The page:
I saw the greatest game of my life unfold at StubHub Center on Saturday, and it was all thanks to Zlatan Ibrahimovic.
The Swedish superstar was jetlagged and maladjusted to the LA Galaxy, which had announced his addition only three days before. When he jogged onto the pitch to a ferocious roar in the 71st minute, Ibrahimovic’s new team was trailing 3-1 to LAFC and struggling to find momentum. He fixed that quickly by helping to set up Chris Pontius for a goal only a minute later.
Then, Zlatan did what he does best — in a one-touch stunner he slammed from 40 yards away to tie up the game, then drove in a vicious header in stoppage time to seal a breathless comeback win.
“They wanted Zlatan,” he said, with a grin in his postgame press conference, delivered to a packed room of reporters shoved close together to get a glimpse of the star. “So I gave them Zlatan.”
With his dazzling tricks and larger-than-life personality, Ibrahimovic was a sensation from the start when the MLS announced that he would be relocating to America to join the Galaxy. As the all-time leading scorer for the Swedish national team, his stardom is up there with greats like Lionel Messi and Cristiano Ronaldo, and the excitement surrounding his arrival was palpable at StubHub Center on his debut day.
But as he acclimates to America, Zlatan will have to avoid the trap that many international stars in the MLS fall into — a bogged, boring descent into retirement.
The MLS, and the Galaxy in particular, have long cemented the idea that this league is an ideal place for international superstars. After all, spending a few seasons with the Galaxy does seem like a nice way to go out. Who could pass up easy access to the beach, a short drive to Disneyland and warm weather year-round?
But the added barb of this moniker of “retirement league” is that the MLS is an ideal place for worn out, washed up players to go revive their glory by playing against softer competition for a few years. What it means when fans of the European or Mexican leagues call the MLS a “retirement league” is that American soccer still isn’t being taken quite as seriously.
On one hand, it makes sense. I mean, this country can put together the finest women’s team in the world one year, but can’t even scrape together a World Cup qualifier for its men’s side a few years later. This is the country where FC Dallas struggles to top 20,000 at a home game even when the Mexican national team can sell out the same stadium on a weekday in the pouring rain. Soccer isn’t the first, second or even third biggest sport of America today. We don’t take our soccer all that seriously — why should anyone else?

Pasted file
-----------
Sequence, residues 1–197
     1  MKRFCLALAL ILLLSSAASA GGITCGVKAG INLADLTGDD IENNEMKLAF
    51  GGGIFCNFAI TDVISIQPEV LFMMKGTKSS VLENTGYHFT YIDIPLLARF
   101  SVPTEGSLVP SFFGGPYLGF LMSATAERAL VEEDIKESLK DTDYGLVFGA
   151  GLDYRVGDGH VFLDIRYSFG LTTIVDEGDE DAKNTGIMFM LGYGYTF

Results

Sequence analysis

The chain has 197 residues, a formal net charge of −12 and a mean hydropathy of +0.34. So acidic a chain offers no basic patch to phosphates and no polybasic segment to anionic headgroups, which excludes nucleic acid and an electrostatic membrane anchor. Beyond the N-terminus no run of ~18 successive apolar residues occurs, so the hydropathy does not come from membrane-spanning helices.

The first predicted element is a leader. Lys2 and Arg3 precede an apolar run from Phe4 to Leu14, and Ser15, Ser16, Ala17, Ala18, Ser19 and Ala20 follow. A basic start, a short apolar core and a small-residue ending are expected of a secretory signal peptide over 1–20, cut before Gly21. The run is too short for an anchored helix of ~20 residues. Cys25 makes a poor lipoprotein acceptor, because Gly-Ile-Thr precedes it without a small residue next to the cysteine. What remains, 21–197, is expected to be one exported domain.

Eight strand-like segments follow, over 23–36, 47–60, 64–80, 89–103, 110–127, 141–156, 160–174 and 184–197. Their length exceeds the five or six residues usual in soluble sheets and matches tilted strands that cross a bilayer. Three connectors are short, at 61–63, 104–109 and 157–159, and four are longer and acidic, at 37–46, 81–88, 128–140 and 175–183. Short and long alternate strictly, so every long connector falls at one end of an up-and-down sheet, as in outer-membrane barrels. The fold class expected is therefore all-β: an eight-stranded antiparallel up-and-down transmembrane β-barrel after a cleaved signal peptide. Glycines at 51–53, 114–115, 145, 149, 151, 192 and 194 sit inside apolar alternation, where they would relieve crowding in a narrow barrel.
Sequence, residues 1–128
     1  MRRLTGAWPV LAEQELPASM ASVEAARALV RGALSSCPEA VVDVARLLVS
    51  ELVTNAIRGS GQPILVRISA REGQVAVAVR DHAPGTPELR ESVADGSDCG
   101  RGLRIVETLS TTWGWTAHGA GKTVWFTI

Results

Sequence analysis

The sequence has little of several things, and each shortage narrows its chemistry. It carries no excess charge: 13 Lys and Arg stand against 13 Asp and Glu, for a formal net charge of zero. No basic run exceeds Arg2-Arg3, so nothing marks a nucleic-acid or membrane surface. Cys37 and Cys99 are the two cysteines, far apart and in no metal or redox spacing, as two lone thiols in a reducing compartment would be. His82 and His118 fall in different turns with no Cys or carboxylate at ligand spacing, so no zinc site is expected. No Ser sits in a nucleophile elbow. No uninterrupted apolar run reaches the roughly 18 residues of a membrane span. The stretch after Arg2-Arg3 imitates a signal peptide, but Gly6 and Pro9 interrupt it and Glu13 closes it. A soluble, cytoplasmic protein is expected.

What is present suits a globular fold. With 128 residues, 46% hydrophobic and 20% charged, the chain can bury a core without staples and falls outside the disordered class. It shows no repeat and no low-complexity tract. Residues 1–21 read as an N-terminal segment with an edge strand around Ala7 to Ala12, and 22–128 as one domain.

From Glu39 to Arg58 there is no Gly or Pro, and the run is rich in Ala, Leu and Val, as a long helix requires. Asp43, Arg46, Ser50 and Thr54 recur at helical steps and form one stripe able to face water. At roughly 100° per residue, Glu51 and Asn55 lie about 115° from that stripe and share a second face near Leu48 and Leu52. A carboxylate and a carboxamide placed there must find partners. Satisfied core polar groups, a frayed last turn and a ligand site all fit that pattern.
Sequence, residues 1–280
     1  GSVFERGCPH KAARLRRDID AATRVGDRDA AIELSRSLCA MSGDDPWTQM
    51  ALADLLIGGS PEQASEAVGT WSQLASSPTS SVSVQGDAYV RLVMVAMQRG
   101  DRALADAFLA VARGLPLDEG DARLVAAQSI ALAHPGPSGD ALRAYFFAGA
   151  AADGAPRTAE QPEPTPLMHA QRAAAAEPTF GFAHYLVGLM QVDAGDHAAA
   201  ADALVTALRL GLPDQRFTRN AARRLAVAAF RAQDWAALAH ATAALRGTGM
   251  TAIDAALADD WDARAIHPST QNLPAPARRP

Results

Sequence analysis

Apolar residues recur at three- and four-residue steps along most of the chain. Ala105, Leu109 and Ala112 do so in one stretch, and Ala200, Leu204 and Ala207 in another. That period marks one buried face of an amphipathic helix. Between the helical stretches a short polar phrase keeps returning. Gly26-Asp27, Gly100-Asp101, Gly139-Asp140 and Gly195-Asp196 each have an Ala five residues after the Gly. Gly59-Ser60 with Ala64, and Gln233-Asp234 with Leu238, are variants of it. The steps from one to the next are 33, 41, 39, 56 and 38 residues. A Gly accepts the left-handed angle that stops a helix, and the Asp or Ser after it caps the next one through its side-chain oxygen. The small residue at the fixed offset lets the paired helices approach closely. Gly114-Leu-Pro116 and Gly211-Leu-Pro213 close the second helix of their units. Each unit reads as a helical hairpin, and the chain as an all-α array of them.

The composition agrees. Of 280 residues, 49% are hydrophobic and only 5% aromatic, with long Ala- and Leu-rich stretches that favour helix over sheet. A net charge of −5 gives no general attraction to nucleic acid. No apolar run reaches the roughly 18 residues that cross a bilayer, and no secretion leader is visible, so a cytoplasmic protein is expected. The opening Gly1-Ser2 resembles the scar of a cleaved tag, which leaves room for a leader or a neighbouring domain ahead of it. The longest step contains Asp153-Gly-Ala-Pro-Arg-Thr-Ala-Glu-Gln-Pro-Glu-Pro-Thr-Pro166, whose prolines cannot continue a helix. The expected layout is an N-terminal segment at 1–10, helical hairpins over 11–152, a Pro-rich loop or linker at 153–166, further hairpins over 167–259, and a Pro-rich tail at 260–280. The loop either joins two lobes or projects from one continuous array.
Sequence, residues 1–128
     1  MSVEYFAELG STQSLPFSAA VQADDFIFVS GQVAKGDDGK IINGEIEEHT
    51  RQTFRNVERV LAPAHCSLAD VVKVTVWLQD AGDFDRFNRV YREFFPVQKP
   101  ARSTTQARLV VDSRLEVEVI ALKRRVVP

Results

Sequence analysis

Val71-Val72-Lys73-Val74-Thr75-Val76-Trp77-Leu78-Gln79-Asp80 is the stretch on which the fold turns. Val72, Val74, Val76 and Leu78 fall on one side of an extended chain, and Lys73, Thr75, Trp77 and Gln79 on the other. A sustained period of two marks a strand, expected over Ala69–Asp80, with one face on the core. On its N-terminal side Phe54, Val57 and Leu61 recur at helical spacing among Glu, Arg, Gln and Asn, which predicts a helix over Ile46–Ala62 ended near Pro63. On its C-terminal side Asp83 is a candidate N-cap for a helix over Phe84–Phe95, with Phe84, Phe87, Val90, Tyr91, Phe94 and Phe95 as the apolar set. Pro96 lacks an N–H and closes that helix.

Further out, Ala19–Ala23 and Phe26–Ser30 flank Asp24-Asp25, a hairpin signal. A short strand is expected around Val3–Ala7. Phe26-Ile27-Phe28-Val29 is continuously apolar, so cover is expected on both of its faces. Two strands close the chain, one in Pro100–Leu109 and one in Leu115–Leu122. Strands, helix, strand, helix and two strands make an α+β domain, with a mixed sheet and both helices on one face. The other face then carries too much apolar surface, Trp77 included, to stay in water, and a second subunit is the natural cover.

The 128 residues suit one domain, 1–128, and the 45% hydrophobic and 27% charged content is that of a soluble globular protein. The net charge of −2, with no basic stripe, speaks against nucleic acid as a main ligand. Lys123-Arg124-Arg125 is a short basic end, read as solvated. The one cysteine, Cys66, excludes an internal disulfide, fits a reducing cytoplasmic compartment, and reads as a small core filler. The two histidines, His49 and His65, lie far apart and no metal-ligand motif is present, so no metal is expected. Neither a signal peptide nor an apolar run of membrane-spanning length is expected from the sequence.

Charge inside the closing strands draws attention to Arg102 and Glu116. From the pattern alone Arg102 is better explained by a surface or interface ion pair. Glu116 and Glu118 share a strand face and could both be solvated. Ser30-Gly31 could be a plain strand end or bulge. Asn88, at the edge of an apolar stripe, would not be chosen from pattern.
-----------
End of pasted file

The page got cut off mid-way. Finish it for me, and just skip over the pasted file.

The MLS has been struggling to answer these questions since it was first founded in 1993. Carving out a niche for fans in a country obsessed with football, basketball and baseball, while simultaneously attempting to drag the focus of established soccer fans away from Europe, is no small task. The obvious solution seemed to be to get a name big enough to force fans of the sport to watch the game.
It started with David Beckham, then Robbie Keane, then Kaka and Steven Gerrard, and now, finally Ibrahimovic. About half of these stars (Beckham, Keane, Gerrard, Ibrahimovic) signed contracts with the Galaxy, while Kaka chose an East Coast’s tropical locale in Orlando. They stirred up fan excitement and helped to string along the success of the Galaxy and sell a lot of jerseys with international names on an American kit.
But all of these big names came at a price — they were heroes of the past, former world players of the year who were well past their prime when they arrived stateside. Their time in the MLS was neither the peak nor even an extremely noticeable period of their international careers.
This is the biggest challenge that Ibrahimovic will be forced to face as he digs into his role in his new club. Zlatan is an incredible player, but he suffered a devastating knee injury last year — the first major physical setback of his career. In the moments after surgery, lying motionless on his hospital bed, the international sensation thought his career was over.
That injury is what prompted his move to the U.S., a decision he said he should have made “years ago” during the postgame press conference at StubHub Center on Saturday. His trademark confidence was back after the debut performance, and he jokingly likened himself to Benjamin Button when asked how he felt, saying, “I was born old and I will die young.”
But he also showed signs of his changing physicality — or, perhaps, just the jet lag — when admitting that he had been exhausted in the late March heat, running out of gas after playing only 20 minutes. Maybe this is just another side of Ibrahimovic’s brash honesty, an expected symptom of injury recovery and acclimation to a new climate. Only time will tell how much Zlatan has left in the tank, but it’s a guarantee that he’ll give all of us a show, no matter what.
And if his greatest legacy on the league is Saturday, which many have been described as the greatest regular season MLS game of all time? Well, that’s still not that bad of a way to go out.
Julia Poe is a junior majoring in print and digital journalism. Her column, “Poe’s Perspective,” runs Tuesdays.